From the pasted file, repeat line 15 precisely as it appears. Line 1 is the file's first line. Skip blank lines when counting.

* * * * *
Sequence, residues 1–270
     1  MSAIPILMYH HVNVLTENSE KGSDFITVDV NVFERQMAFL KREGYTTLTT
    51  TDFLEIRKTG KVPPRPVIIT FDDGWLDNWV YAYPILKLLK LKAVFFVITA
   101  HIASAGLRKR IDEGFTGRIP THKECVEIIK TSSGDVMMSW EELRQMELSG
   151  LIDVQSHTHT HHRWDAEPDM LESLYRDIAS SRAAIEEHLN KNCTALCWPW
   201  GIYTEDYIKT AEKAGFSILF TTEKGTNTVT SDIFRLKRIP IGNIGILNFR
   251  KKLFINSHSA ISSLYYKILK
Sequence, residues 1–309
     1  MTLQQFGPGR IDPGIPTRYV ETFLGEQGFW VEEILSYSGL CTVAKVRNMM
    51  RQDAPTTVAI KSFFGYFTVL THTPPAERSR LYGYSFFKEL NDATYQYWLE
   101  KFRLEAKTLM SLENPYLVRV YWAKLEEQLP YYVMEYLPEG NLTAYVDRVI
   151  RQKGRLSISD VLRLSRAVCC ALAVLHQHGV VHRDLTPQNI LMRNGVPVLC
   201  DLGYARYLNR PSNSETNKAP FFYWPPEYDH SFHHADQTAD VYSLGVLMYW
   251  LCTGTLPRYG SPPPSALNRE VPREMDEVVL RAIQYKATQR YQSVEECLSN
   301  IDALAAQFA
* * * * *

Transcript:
   301  IDALAAQFA